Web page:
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Canon G7 X Mark II vs Nikon D50

The Canon PowerShot G7 X Mark II and the Nikon D50 are two digital cameras that were officially introduced, respectively, in February 2016 and April 2005. The G7X Mark II is a fixed lens compact, while the D50 is a DSLR. The cameras are based on an one-inch (G7X Mark II) and an APS-C (D50) sensor. The Canon has a resolution of 20 megapixels, whereas the Nikon provides 6 MP.

Below is an overview of the main specs of the two cameras as a starting point for the comparison.

Headline Specifications
Canon G7 X Mark II VS Nikon D50
Canon G7 X Mark II Nikon D50
Fixed lens compact camera Digital single lens reflex
24-100mm f/1.8-2.8 Nikon F mount lenses
20 MP, 1" Sensor 6 MP, APS-C Sensor
1080/60p Video no Video
ISO 125-12800 (125-25600) ISO 200-1600
No viewfinder, LCD framing Optical viewfinder
3.0" LCD, 1040k dots 2.0" LCD, 130k dots
Tilting touchscreen Fixed screen (not touch-sensitive)
8 shutter flaps per second 2.5 shutter flaps per second
265 shots per battery charge400 shots per battery charge
106 x 61 x 42 mm, 319 g 133 x 102 x 76 mm, 620 g

Going beyond this snapshot of core features and characteristics, what are the differences between the Canon PowerShot G7 X Mark II and the Nikon D50? Which one should you buy? Read on to find out how these two cameras compare with respect to their body size, their imaging sensors, their shooting features, their input-output connections, and their reception by expert reviewers.

Body comparison

The side-by-side display below illustrates the physical size and weight of the Canon G7 X Mark II and the Nikon D50. The two cameras are presented according to their relative size. Three consecutive views from the front, the top, and the rear side are shown. All width, height and depth dimensions are rounded to the nearest millimeter.

Size Canon G7 X Mark II vs Nikon D50
Compare G7X Mark II versus D50 top
Comparison G7X Mark II or D50 rear

If the front view area (width x height) of the cameras is taken as an aggregate measure of their size, the Nikon D50 is considerably larger (110 percent) than the Canon G7 X Mark II. In this context, it is worth noting that neither the G7X Mark II nor the D50 are weather-sealed.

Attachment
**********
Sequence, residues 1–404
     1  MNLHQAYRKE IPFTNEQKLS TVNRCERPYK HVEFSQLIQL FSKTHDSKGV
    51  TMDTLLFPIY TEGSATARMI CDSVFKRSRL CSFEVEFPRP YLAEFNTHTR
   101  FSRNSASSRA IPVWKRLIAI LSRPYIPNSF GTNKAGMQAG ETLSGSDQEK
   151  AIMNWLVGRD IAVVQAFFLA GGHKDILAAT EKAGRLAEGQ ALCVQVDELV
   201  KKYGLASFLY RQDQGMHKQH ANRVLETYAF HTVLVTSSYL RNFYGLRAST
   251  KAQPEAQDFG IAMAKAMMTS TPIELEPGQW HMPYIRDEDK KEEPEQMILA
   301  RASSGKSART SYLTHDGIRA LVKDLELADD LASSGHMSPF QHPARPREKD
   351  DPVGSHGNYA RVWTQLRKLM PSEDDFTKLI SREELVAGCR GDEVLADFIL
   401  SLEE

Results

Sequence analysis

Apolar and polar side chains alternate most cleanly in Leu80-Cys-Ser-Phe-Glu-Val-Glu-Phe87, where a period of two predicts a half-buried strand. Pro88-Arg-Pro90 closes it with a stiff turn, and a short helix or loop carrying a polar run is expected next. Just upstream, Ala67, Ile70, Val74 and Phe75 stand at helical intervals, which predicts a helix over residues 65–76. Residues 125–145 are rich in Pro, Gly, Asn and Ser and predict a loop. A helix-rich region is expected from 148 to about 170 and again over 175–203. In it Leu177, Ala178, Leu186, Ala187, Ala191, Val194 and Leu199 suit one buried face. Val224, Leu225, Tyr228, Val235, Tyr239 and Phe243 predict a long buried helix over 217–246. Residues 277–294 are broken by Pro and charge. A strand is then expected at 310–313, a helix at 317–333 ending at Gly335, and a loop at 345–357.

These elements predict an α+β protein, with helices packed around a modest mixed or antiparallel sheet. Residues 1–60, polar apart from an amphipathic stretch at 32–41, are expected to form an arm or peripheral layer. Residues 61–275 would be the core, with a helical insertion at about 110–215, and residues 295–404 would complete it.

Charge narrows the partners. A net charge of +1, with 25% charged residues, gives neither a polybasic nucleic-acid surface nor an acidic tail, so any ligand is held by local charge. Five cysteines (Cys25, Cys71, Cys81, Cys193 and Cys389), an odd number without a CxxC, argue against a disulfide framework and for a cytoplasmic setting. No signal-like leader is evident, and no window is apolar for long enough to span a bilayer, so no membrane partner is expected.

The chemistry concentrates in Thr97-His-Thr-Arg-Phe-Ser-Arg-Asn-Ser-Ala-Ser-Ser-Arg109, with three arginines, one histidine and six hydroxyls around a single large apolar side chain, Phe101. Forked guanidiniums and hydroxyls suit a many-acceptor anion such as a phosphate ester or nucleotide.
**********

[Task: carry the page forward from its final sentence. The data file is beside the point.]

The above size and weight comparisons are to some extent incomplete and possibly misleading, as the G7X Mark II has a lens built in, whereas the D50 is an interchangeable lens camera that requires a separate lens. Attaching the latter will add extra weight and bulk to the setup. You can compare the optics available for the D50 and their specifications in the Nikon Lens Catalog.

Concerning battery life, the G7X Mark II gets 265 shots out of its NB-13L battery, while the D50 can take 400 images on a single charge of its EN-EL3 power pack. The power pack in the G7X Mark II can be charged via the USB port, so that it is not always necessary to take the battery charger along when travelling.

The table below summarizes the key physical specs of the two cameras alongside a broader set of comparators. In case you want to display and compare another camera duo, just click on the right or left arrow next to the camera that you would like to inspect. Alternatively, you can also use the CAM-parator to select your camera combination among a larger number of options.

Camera Body Specifications
  Camera
Model
Camera
Width
Camera
Height
Camera
Depth
Camera
Weight
Battery
Life
(CIPA)
Weather
Sealing
(yes/no)
Camera
Launch
(announced)
Launch
Price
(USD)
Street
Price
(USD)
Camera
Model
 
Canon G7 X Mark II» 4.2 in 2.4 in 1.7 in 11.3 oz 265 n Feb 2016 699iCanon G7 X Mark II
 
Nikon D50« 5.2 in 4.0 in 3.0 in 21.9 oz 400 n Apr 2005 749iNikon D50
 
Canon G7 X Mark III« » 4.1 in 2.4 in 1.6 in 10.7 oz 235 n Jul 2019 749 iCanon G7 X Mark III
 
Canon G5 X« » 4.4 in 3.0 in 1.7 in 12.5 oz 210 n Oct 2015 799iCanon G5 X
 
Canon G9 X« » 3.9 in 2.3 in 1.2 in 7.4 oz 220 n Oct 2015 529iCanon G9 X
 
Canon M3« » 4.4 in 2.7 in 1.7 in 12.9 oz 250 n Feb 2015 679iCanon M3
 
Canon G7 X« » 4.1 in 2.4 in 1.6 in 10.7 oz 210 n Sep 2014 699iCanon G7 X
 
Nikon D60« » 5.0 in 3.7 in 2.5 in 18.4 oz 500 n Jan 2008 629iNikon D60
 
Nikon D40« » 4.9 in 3.7 in 2.5 in 18.4 oz 470 n Nov 2006 499iNikon D40
 
Nikon D80« » 5.2 in 4.1 in 3.0 in 23.6 oz 600 n Aug 2006 999iNikon D80
 
Nikon D70s« » 5.5 in 4.4 in 3.1 in 24.0 oz 500 n Apr 2005 899iNikon D70s
 
Nikon D70« » 5.5 in 4.4 in 3.1 in 24.0 oz 400 n Jan 2004 999iNikon D70
 
Panasonic LX10« » 4.2 in 2.4 in 1.7 in 10.9 oz 260 n Sep 2016 699 iPanasonic LX10
 
Sony RX100 V« » 4.0 in 2.3 in 1.6 in 10.5 oz 220 n Oct 2016 999 iSony RX100 V
 
Sony RX100 IV« » 4.0 in 2.3 in 1.6 in 10.5 oz 280 n Jun 2015 999iSony RX100 IV
 
Sony RX100 III« » 4.0 in 2.3 in 1.6 in 10.2 oz 320 n May 2014 799iSony RX100 III
 
Sony RX100 II« » 4.0 in 2.3 in 1.5 in 9.9 oz 350 n Jun 2013 749iSony RX100 II